SEC Form 10-12G

What Is SEC Form 10-12G?

SEC Form 10-12G is a filing with the Securities and Exchange Commission (SEC), also known as the General Form for Registration of Securities. This form is required when a corporation wishes to register a class of securities according to Section 12(b) or (g) of the Securities Exchange Act of 1934. Filing a Form 10-12G paves the way for the securities to potentially trade on U.S. exchanges. A company must file Form 10-12G if it has over $10 million in total assets and 750 or more shareholders on record.

The form contains information about the number of shares issued, their par value, ownership information for key shareholders and executives, and specific information about the company's line of business. The form is a version of a group of related forms, all under the heading "Form 10."

Key Takeaways

  • SEC Form 10-12G must be completed by companies in order to register new shares of stock.
  • SEC Form 10-12G only registers the securities and does not create trading shares.
  • The SEC requires companies that have filed a Form 10-12G to periodically file Form 10-Q, Form 10-K, and Form 8-K.

Understanding SEC Form 10-12G

SEC Form 10-12G is less common than SEC Form S-1, the initial registration form for new securities, which is usually used in connection with an initial public offering (IPO). SEC Form 10-12G Registration Statement only registers shares; it does not create free-trading shares. Unlike a Form S-1 filing, a Form 10-12G Registration Statement is automatically effective after 60 days. If a company needs to amend its filing, it must file SEC Form 10-12G/A. After filing SEC Form 10-12G, companies are then required by the SEC to periodically file Form 10-Q, Form 10-K, and Form 8-K.

SEC Form 10-Q is a quarterly report that includes a company's unaudited financial statements. The purpose of the 10-Q is to provide the public with ongoing information about the company's financial health throughout the year. The company submits the report to the SEC for each of its first three quarters of the fiscal year.

SEC Form 10-K is an annual report that comprehensively details a company's performance. It includes the company's audited financial statements and information on the company's history, organizational structure, equity, holdings, subsidiaries, and other significant data.

A company must file an SEC Form 8-K to report current corporate events that shareholders and the SEC should know about. Examples of these material events include acquisitions of another company, the resignation of a company director, news from an auditor's review, or a bankruptcy filing.

Note that SEC Form 10-12B is used instead when a public company issues new stock through a spinoff

Investors can quickly and conveniently research a company's filings, operations, and financial information through EDGAR, the SEC's online electronic filing system.

Special Considerations

SEC Form 10-12G is one of the starting points for anyone wishing to truly research a company's stock. Contained on this form is information that can provide key insights into a management team's long-term direction for a company and assessment of potential risks and opportunities in their industry.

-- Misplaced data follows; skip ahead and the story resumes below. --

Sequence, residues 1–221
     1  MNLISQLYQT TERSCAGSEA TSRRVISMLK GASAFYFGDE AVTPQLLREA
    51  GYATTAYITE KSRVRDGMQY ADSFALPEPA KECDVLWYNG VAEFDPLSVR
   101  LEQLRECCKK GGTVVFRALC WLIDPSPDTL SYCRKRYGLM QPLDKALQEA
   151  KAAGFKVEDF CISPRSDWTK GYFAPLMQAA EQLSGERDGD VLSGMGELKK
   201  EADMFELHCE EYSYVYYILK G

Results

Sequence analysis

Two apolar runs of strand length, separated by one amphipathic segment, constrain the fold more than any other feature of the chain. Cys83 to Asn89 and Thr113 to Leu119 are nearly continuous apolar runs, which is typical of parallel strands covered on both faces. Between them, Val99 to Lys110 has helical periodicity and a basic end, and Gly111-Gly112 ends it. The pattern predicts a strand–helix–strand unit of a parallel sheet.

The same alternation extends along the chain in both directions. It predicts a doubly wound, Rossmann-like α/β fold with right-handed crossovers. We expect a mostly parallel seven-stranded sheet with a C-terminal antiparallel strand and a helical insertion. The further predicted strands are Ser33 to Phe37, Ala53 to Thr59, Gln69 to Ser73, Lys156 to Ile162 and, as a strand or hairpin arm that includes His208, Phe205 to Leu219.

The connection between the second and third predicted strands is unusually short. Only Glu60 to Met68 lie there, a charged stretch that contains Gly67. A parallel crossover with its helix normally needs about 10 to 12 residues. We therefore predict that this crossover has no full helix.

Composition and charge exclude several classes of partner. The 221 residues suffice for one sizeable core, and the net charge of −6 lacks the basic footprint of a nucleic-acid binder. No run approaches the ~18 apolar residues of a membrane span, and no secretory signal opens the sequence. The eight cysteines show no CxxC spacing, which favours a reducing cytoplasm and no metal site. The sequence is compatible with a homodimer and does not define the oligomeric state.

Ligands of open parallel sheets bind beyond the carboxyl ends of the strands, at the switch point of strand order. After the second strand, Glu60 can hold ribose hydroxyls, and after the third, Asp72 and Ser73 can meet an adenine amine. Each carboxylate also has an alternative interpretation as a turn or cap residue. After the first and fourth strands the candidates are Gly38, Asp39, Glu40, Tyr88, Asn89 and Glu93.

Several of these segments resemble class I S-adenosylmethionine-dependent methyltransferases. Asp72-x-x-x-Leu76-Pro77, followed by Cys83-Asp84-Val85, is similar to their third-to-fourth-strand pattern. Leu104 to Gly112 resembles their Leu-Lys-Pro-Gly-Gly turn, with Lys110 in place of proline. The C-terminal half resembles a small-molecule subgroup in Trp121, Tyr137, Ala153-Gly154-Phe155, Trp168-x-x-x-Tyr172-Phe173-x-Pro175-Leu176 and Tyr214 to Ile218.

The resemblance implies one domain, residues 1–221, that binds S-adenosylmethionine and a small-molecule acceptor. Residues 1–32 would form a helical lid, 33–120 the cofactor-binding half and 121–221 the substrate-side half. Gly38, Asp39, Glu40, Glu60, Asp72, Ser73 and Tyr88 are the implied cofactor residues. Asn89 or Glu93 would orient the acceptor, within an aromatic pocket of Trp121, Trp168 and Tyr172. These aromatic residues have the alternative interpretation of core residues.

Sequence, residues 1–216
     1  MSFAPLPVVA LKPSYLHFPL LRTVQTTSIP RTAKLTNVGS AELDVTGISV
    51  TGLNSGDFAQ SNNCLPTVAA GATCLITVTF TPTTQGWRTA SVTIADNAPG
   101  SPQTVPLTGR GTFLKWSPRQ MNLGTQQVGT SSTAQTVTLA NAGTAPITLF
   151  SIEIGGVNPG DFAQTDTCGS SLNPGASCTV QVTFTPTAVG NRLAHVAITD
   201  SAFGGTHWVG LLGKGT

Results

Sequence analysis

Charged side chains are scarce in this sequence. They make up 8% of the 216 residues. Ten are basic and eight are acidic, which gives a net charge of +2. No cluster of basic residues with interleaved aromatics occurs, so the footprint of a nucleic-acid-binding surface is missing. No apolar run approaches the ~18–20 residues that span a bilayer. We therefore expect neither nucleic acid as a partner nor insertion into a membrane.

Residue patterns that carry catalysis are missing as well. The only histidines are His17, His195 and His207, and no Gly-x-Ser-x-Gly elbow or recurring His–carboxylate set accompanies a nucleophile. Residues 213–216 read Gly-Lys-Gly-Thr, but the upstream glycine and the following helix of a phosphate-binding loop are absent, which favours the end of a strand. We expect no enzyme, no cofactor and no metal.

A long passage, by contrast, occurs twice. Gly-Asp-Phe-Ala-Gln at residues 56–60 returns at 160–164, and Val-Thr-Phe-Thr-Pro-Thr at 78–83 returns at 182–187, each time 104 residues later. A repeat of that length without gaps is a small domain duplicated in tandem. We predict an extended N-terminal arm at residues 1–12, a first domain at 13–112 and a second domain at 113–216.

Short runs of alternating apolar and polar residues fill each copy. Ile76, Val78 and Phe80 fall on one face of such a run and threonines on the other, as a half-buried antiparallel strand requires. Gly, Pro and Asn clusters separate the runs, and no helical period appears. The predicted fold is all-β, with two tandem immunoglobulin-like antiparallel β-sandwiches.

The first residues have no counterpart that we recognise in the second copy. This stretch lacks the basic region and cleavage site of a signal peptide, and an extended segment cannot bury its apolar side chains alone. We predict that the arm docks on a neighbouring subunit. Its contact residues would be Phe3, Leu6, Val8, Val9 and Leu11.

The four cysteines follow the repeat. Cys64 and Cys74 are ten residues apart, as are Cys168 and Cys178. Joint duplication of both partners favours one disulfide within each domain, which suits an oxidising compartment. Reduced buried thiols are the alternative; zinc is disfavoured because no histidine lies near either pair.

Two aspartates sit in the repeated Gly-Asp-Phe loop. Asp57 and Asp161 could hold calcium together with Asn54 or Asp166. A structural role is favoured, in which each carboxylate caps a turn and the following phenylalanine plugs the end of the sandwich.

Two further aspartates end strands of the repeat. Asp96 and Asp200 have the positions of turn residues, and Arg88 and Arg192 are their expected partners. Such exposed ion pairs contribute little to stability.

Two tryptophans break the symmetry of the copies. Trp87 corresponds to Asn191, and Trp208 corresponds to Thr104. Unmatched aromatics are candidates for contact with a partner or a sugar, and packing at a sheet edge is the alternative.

Of additional interest to many investors is the fact that SEC Form 10-12G contains a breakdown of shares owned by company officers, giving insight into possible conflicts of interest underlying different executives' decisions.

Requirements of SEC Form 10-12G

The company filing a Form 10-12G must Indicate whether they are a large accelerated filer, an accelerated filer, a non-accelerated filer, a smaller reporting company, or an emerging growth company. The SEC defines a large accelerated filer as an issuer that has a public float of $700 million or more. An accelerated filer has a public float of $75 million or more, but less than $700 million. The current definitions of accelerated filers and large accelerated filers apply to annual report filings that were due on or after April 27, 2020, after the SEC adopted amendments in March 2020 to the original definitions. 

Additionally, the company furnishes the following information to the SEC:

  • Business
  • Risk Factors
  • Financial Information
  • Properties
  • Security Ownership of Certain Beneficial Owners and Management
  • Directors and Executive Officers
  • Executive Compensation
  • Certain Relationships and Related Transactions, and Director Independence
  • Legal Proceedings
  • Market Price of and Dividends on the Registrant’s Common Equity and Related Stockholder Matters
  • Recent Sales of Unregistered Securities
  • Description of Registrant’s Securities to be Registered
  • Indemnification of Directors and Officers
  • Financial Statements and Supplementary Data
  • Changes in and Disagreements with Accountants on Accounting and Financial Disclosure
  • Financial Statements and Exhibits
Article Sources
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  1. Government Publishing Office. "Securities Exchange Act of 1934," Pages 111-122. Accessed Feb. 8, 2021.

  2. U.S. Securities and Exchange Commission. "Changes to Exchange Act Registration Requirements to Implement Title V and Title VI of the JOBS Act." Accessed Feb. 8, 2021.

  3. U.S. Securities and Exchange Commission. "Federal Securities Laws." Accessed Feb. 8, 2021.

  4. U.S. Securities and Exchange Commission. "Accelerated Filer and Large Accelerated Filer Definitions." Accessed Feb. 8, 2021.

  5. "Statement on Amendments to Reduce Unnecessary Burdens on Smaller Issuers by More Appropriately Tailoring the Accelerated and Large Accelerated Filer Definitions." Accessed Feb. 8, 2021.

  6. U.S. Securities and Exchange Commission. "Form 10, General Form for Registration of Securities." Accessed Feb. 8, 2021.

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